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Governor Signs Bill on Toxic Site Clean Up

Date : Fri, 20 Jul 2012 11:37:12 -0400

For Immediate Release

July 10, 2012

Contact Jeff Tittel, 609-558-9100

Governor Signs Bill on Toxic Site Clean Up**

Today Governor Christie signed a bill to help clean up toxic sites across the state. S1460 (Sweeney) would require that money received from property tax appeals on vacant or underused industrial sites be used for site remediation. The bill also allows municipalities to charge the property owner an annual fee until the toxic site is cleaned up.This bill will help hold polluters accountable for the cost of cleanups while helping get these sites remediated more quickly.The Governor signed the bill just days after an Appellate Court ruled that the DEP does not have the authority to require minimum cleanup standards on toxic sites before they are sold due to the Industrial Site Recovery Act (ISRA) and the Site Remediation Reform Act (SRRA).

"As the Governor requires polluters to fund cleanups of their sites, he must also move forward with an appeal of the recent court decision limiting DEP authority on toxic site cleanups.This legislation was intended to help get our toxic sites cleaned up faster, but the court decision would allow toxic sites to be opened up for redevelopment without being truly safe for the future residents or businesses and the surrounding community," said Jeff Tittel, Director, NJ Sierra Club. This legislation helps clean up the many toxic sites that are abandoned or mothballed sitting there, leaking toxics into the environment. Whether its refineries, chemical plants, or industrial sites, these parcels are not only a blight on the landscape but directly impact public health and the communities around them.Many of the owners of these toxic properties get tax appeals to lower their tax burden so they can sit on these sites for decades as they are not required to clean them up until they are ready to sell or redevelop. However the recent ruling in /Des Champs Laboratories, INC., vs. Robert Martin/ would allow owners of toxic sites to sell the properties once they believe the site is clean, without meeting any standards or providing any proof to the DEP.The Court ruled the DEP does not have jurisdiction to require a property owner certify the site has been cleaned up or is pollution free before they sell it under the ISRA and SRRA.What the court said here is based on SRRA and ISRA as long as the site owner thinks there is a small amount of pollution and institutional controls work they do not have to certify the site is clean.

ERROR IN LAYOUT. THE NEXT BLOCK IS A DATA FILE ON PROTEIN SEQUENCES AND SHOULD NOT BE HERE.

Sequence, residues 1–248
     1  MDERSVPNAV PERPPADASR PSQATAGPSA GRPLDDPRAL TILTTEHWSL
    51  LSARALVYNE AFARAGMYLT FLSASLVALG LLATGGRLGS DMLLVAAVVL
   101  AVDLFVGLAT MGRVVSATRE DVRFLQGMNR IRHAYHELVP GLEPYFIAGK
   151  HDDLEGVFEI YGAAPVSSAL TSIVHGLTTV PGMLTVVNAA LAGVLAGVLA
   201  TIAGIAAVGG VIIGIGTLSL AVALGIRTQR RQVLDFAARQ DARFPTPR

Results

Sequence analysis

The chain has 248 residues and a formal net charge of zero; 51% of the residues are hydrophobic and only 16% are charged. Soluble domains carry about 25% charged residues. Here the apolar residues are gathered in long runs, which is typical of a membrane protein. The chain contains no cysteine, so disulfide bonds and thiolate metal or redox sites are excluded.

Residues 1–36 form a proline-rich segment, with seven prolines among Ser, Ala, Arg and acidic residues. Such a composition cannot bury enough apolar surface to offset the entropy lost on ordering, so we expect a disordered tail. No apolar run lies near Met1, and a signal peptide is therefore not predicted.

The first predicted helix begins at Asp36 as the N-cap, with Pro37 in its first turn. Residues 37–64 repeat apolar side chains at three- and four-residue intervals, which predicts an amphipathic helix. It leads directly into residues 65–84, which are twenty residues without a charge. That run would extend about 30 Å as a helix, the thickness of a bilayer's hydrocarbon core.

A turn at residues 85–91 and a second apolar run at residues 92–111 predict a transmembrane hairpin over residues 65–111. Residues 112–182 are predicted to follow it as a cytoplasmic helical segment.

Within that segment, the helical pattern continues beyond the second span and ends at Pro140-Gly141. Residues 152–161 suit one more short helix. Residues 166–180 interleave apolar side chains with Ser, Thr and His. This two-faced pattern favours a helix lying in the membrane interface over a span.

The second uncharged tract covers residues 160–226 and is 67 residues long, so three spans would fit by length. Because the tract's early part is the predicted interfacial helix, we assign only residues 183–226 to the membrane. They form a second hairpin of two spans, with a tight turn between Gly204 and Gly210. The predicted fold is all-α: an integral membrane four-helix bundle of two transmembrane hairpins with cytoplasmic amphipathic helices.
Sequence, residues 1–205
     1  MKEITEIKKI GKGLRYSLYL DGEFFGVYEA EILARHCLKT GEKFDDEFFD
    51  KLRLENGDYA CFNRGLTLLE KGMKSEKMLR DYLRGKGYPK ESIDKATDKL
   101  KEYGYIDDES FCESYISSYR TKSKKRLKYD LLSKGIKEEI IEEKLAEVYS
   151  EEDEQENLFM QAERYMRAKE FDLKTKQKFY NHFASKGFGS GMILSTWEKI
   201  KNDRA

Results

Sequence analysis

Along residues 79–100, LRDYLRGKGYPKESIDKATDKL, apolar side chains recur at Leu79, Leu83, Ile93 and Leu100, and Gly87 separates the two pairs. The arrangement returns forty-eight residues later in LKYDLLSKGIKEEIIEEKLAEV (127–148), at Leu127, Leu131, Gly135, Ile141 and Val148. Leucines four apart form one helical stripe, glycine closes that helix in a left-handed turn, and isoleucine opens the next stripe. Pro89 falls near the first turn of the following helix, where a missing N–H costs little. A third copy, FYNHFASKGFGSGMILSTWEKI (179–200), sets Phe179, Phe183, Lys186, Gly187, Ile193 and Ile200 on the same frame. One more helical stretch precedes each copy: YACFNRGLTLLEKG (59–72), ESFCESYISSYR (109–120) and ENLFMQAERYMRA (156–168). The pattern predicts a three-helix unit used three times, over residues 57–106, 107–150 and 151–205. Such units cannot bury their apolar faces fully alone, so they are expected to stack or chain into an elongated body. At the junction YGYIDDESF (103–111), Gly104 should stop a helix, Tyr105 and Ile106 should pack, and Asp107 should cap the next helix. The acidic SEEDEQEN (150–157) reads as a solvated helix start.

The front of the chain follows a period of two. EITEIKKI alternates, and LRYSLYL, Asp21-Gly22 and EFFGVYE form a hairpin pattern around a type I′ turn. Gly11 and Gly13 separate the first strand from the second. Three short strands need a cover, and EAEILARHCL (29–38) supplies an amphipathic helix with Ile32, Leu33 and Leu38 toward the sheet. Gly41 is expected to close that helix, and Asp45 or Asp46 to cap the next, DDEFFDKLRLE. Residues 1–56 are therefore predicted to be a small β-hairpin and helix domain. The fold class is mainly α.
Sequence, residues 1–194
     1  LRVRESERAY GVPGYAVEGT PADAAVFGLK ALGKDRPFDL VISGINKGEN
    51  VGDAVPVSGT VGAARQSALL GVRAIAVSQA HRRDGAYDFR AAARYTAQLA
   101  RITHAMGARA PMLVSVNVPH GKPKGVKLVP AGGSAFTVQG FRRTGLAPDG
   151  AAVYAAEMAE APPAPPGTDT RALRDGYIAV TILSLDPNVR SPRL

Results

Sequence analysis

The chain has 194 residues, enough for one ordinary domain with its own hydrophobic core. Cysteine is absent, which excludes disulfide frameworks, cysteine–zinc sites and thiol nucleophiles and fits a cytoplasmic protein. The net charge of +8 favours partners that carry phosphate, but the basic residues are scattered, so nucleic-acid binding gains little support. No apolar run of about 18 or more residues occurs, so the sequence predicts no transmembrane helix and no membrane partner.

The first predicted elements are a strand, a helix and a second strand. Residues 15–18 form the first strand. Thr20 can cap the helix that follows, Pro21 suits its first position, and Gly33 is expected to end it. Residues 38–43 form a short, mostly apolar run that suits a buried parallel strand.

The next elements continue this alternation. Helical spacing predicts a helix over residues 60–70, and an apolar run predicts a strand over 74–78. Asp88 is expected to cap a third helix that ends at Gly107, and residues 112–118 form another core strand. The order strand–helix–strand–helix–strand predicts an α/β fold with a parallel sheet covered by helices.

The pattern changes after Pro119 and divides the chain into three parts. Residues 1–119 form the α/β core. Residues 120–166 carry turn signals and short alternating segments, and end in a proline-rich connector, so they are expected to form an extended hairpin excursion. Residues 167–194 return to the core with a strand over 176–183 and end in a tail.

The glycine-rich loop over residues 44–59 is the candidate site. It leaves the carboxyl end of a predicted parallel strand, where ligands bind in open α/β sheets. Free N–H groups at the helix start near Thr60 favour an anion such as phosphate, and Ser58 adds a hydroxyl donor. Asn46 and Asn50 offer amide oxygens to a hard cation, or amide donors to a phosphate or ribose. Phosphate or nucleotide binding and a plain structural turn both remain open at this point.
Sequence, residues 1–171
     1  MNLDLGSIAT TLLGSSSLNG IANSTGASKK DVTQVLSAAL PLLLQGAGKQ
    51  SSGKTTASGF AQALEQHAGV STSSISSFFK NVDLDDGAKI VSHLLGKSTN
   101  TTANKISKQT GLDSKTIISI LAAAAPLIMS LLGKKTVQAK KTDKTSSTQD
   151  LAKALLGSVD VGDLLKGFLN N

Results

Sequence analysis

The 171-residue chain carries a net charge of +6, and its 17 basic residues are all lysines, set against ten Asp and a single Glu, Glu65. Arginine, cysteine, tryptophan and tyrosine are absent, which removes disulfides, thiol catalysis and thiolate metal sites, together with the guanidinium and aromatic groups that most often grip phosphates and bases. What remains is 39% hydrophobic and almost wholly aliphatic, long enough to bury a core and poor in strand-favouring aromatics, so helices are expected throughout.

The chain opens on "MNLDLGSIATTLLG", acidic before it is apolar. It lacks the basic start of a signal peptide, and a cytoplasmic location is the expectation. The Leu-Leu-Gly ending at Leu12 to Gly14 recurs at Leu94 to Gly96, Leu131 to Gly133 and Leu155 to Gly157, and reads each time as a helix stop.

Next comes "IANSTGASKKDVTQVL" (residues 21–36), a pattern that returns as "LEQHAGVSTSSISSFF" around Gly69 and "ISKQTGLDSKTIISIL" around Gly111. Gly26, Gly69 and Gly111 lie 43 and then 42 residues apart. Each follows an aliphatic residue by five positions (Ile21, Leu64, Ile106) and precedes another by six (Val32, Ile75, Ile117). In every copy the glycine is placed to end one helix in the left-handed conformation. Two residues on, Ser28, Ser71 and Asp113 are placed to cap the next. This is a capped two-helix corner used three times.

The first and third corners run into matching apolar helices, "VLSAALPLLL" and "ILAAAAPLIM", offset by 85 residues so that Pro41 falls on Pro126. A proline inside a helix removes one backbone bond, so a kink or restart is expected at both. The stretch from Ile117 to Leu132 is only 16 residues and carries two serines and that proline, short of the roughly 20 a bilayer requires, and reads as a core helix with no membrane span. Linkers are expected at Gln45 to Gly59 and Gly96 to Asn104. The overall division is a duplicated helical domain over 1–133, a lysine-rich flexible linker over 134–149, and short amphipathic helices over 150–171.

"The Court ruled the ISRA and SRRA legislation was passed to make it easier to develop sites, not to cleanup sites.Bad laws make for bad court decisions, putting the public health at risk and that is why we need Governor Christie to appeal this case to the Supreme Court," *said Jeff Tittel*. Even with increasing the accountability for polluters to pay for this cleanups, landowners could still evade a full cleanup of the site.As long as these property owner or polluter believes to the best of their knowledge that institutional controls will work or the amount of pollution left is a small amount, they do not have to clean up the site any further or certify the site is clean. 500 pounds or 55 gallons of toxic materials or 220 gallons of oil or other hydrocarbons could be considered clean and remain on site.It does not distinguish on the type of toxins so something extremely toxic could be allowed to remain on site including chromium, arsenic, or cyanide.

"The Legislature needs to close this glaring loophole that allows site owners off the hook and toxic contamination to remain on site," *said Jeff Tittel*.

Kate Millsaps
Program Assistant
NJ Chapter of the Sierra Club
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